In regeneration a person the Holy Spirit makes use of the law and the gospel. There is not only a moral but also a direct nature-changing work of the Spirit on the minds or souls of men in regeneration. This is what we must hold on to, or all the glory of God’s grace is lost, and the grace which comes to us by Christ will be neglected. Paul tells us of this direct work of the Spirit: “That you may know ... what s the exceeding greatness of his power towards us who believe, according to the work of his mighty power which he worked in Christ when he raised him from the dead’ (Eph 1:18:- 2). The power here mentioned has an exceeding greatness attributed to it, because by this power Christ was physically raised from the dead. Paul would have us know that the same mighty power which God worked in Christ when he raised him from the dead is the same mighty power which the Holy Spirit works when he raises us from spiritual death to spiritual life in regeneration. By this same mighty power we are kept by God to the day of salvation. It is because of his mighty power continually working in Christians that they are kept from ever falling away so as to be eternally lost.

God Works in Us What He has Promised to Do
Before the work of grace the heart is ‘stony’. It can do no more than a stone to please God. A stony heart is obstinate and stubborn. But God says that he will take away this stony heart (Ezek 11:19). He does not say he will try and take it away, or give us some power so that we can take it away ourselves, but that he will take it away. When God says he will take it away, he means that he will infallibly take it away and that nothing can stop him taking it away. He promises to give us a new heart and a new spirit (Ezek 36:26).

There is an 'eye' in the understanding of man. This eye is the ability to see spiritual things. It is sometimes said to be blind, darkness, shut. By these descriptions we are taught that the natural mind cannot know God personally for salvation, and nor can it see, that is, discern spiritual things. It is the work of the Spirit of grace to open this eye (Luke 4:18, Acts 26:18). He does this, firstly, by giving us the spirit of wisdom and revelation. Secondly, he gives us a heart to know him (Jer 24:7).

We are enabled to obey God firstly by an inward, spiritual, ruling principle of grace ... by virtue of the life and death of Jesus Christ according to the terms of the new covenant... by which God writes his laws in our hearts and enables us to obey them by the Holy Spirit.


donsands said...

Thanks for the blogcast. i enjoyed the song, and i was blessed with your message.

John Owen gives too much credit to God. Just kidding.
Excellent teaching.

"All men are born unregenerate"

Except John the Baptist.

ann_in_grace said...

Lucky me who had earphones on :) - or rather - lucky my family, because it is late here and they are all asleep:)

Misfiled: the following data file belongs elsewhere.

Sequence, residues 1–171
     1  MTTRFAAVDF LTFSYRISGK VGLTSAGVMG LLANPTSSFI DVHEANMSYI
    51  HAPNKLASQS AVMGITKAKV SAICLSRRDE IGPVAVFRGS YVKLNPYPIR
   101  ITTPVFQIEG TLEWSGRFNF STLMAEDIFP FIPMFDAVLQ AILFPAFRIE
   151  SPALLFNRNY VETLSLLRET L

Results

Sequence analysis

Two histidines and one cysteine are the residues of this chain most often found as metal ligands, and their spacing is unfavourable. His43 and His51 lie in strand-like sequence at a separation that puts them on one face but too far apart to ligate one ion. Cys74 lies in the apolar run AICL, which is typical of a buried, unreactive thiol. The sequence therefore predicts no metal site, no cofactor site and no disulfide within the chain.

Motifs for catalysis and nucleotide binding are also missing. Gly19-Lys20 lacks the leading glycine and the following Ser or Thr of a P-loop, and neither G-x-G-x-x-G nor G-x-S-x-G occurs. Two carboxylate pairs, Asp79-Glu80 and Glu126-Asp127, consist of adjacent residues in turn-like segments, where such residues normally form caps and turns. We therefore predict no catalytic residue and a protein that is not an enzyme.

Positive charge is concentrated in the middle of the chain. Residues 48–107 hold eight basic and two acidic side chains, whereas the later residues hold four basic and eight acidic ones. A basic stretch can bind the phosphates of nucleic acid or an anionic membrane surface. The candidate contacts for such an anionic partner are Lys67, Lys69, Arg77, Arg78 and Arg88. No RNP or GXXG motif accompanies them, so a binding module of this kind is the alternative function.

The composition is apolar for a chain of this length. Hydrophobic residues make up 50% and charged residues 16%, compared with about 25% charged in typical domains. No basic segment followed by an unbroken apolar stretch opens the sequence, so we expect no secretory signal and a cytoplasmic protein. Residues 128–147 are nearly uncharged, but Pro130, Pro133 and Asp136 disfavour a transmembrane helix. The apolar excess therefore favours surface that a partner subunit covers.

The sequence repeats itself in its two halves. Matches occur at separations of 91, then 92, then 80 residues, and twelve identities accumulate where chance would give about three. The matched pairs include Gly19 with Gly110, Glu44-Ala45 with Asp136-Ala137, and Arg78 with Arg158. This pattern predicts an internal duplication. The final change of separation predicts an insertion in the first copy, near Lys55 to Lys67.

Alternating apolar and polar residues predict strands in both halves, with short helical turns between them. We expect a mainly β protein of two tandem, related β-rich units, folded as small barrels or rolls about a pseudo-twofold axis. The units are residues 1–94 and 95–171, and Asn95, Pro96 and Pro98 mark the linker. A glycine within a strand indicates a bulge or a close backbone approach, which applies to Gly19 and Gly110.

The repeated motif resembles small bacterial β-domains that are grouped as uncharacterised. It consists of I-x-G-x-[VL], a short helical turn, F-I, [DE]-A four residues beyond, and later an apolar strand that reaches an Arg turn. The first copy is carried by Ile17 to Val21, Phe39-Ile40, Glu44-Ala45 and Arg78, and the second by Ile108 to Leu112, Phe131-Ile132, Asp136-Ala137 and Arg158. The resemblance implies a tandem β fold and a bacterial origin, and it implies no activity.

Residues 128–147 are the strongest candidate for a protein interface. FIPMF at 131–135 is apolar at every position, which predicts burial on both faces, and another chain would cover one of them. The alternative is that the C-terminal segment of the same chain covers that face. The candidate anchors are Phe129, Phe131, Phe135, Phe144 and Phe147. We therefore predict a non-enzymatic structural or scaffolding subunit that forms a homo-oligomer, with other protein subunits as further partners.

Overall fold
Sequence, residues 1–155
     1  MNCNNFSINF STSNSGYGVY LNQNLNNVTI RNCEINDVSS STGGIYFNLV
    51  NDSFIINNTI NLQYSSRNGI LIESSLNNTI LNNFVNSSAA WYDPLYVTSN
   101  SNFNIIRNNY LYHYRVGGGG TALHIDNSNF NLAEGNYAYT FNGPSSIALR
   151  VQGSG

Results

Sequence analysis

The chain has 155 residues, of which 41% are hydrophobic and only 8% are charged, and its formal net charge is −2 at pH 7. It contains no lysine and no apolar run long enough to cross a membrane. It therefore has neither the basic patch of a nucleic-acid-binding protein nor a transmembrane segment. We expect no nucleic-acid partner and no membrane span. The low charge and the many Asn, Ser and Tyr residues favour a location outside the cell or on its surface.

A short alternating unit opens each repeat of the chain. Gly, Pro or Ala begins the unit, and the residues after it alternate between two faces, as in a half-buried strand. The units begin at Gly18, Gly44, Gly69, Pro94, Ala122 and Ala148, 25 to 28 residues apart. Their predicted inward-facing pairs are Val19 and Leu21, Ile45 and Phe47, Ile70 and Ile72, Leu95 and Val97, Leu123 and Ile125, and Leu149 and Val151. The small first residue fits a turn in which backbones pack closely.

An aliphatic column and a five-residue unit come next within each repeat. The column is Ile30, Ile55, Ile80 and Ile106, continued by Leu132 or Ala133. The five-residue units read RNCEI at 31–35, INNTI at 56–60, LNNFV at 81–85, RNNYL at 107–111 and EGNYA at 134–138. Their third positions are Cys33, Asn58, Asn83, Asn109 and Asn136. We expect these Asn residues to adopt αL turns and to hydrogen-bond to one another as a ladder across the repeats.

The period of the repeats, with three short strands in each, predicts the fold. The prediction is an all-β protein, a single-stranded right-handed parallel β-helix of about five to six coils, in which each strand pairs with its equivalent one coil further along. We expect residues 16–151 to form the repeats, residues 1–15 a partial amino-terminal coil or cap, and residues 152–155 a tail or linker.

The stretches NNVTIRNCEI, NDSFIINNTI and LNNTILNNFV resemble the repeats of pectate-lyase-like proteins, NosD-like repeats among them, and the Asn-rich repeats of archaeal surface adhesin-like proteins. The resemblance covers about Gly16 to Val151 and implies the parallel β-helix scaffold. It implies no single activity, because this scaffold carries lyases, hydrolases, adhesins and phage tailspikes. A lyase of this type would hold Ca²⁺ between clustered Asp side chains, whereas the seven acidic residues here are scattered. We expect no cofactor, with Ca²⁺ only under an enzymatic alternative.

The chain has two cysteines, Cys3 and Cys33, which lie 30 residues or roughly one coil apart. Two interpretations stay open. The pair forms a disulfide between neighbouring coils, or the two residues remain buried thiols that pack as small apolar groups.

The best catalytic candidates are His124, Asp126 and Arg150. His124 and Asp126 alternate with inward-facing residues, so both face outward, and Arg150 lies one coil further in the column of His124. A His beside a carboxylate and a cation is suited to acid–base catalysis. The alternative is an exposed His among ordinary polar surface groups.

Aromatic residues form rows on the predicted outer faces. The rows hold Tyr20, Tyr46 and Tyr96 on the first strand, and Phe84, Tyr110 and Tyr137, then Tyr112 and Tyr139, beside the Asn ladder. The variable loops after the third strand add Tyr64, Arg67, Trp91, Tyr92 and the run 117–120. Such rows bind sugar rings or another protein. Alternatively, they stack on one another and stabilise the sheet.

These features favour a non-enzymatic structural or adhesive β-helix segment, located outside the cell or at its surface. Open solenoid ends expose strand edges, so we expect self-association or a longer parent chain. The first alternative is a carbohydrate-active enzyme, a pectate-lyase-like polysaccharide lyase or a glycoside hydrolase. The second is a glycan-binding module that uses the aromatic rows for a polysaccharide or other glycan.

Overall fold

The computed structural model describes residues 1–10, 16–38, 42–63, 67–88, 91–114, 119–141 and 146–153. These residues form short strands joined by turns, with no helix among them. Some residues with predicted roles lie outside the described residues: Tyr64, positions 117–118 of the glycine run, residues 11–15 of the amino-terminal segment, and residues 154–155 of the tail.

John Owen has been constantly recommended to me by my pastor.

Thank you for this text.

Robin said...

Thank you for this post, it has helped me in my understanding. But could someone help me with this statement,

"Unregenerate persons are able to do something towards regeneration, but this they neglect to do, so they willfully sin."

OK, what is the "something" that unregenerate persons are able to do towards regeneration? Is this "something" the thing that still makes us responsible for rejecting God even though we cannot love and desire God until he enables us to through regeneration?

Jade said...

Hi Steve,
if you don't mind me asking ... is this from an abridge version of one of John Owen's work? I've read some of his works and the reading of it isn't usually this "smooth" unless it's an abridge version. Just curious...

Darrin said...

Steve, The effectual power toward salvation "is in God's hands alone". True, and that's the part our wordly minds cringe at, isn't it? We want to have the control, don't we?

Owen is wonderful to read! I hope to go through one of his volumes on the Holy Spirit next.

Couple thoughts on the comments. Hope nobody minds:

Jade, I agree. Owen was brilliant, but a bit awkward in his literary style (though I greatly enjoy it). I would certainly think this is modernized.

Robin, that quote does seem a bit odd to me. I think the gist of it may be that God does not need to prevent men from seeking Him - by our own nature we willingly neglect that pursuit. Only God can accomplish regeneration, though He employs means which we are able to walk through when blessed with that grace. Regarding the oft-mentioned topic of man's responsibility, I believe the truth is this: man is responsible for his sin. Period. Whether able to change or not, he remains a sinner, willingly opposed to God's commands and righteousness, set on living for himself, completely fit to suffer the wrath of God.

By grace alone,